Anyway, detecting goals, detecting deceit, detecting hidden knowledge of the system is a good thing to have. Interpretability of those things are needed. But interpretability cuts both ways, and with a full-interpretable AGI, foom seems to be a great danger. That's what I wanted to point out. With a fast intelligence explosion (that doesn't need slow retraining or multiple algorithmic breakthrough) the capabilities will explode alongside, while alignment won't.
It seem to need another assumption, namely that the AGI have sufficient control of its internal state and knowledge of the detection network to be able to bring itself into a state that produces interpretation that trips detection network, while also allowing the AGI to advance its agenda.
It is not clear to me, what you are referring to, here. Do you think we will have detection networks? Detection for what? Deceit? We might literally have the AGI look inside for a purpose (like in the new OpenAI paper). I hope we have something like a thing that tells us if it wants to self-modify, but if nobody points out the danger of foom, we likely won't have that.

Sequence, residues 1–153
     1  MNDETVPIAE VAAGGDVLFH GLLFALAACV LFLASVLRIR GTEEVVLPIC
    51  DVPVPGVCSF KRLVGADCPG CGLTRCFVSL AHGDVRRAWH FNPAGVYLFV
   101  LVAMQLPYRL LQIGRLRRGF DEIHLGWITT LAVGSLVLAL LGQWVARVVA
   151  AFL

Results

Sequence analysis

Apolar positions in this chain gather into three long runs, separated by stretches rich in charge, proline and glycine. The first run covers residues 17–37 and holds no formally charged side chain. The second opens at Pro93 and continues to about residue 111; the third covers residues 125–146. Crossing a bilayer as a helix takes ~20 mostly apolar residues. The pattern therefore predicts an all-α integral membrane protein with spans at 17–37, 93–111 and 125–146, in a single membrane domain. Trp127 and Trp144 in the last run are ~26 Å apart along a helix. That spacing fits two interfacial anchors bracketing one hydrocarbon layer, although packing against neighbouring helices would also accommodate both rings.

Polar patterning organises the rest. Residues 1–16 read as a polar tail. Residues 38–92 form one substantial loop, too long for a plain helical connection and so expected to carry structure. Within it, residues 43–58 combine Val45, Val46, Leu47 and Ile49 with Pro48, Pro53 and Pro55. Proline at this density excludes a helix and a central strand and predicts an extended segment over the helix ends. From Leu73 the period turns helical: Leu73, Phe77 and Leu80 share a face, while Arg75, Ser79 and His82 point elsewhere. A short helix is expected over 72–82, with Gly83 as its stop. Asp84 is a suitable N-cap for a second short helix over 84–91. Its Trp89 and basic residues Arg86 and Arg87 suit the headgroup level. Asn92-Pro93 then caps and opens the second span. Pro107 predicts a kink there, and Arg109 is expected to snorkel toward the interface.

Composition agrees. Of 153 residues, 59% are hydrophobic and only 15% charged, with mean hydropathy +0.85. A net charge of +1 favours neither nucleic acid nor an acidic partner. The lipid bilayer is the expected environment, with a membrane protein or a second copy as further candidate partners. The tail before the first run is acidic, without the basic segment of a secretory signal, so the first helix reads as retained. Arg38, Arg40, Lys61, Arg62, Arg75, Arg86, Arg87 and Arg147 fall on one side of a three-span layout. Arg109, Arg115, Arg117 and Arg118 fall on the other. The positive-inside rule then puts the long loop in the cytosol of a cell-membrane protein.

I'm sure that I don't understand you. GPT most likely doesn't have "I want to predict next token" written somewhere, because it doesn't want to predict next token. There's nothing in there that will actively try to predict next token no matter what. It's just the thing it does when it runs.
Is it possible to have a system that just "actively try to make paperclips no matter what" when it runs, but it doesn't reflect it in its reasoning and planning? I have a feeling that it requires God-level sophistication and knowledge of the universe to create a device that can act like that, when the device just happens to act in a way that robustly maximizes paperclips while not containing anything that can be interpreted as that goal.
I found that I can't precisely formulate why I feel that. Maybe I'll be able to express that in a few weeks (or I'll find that the feeling is misguided).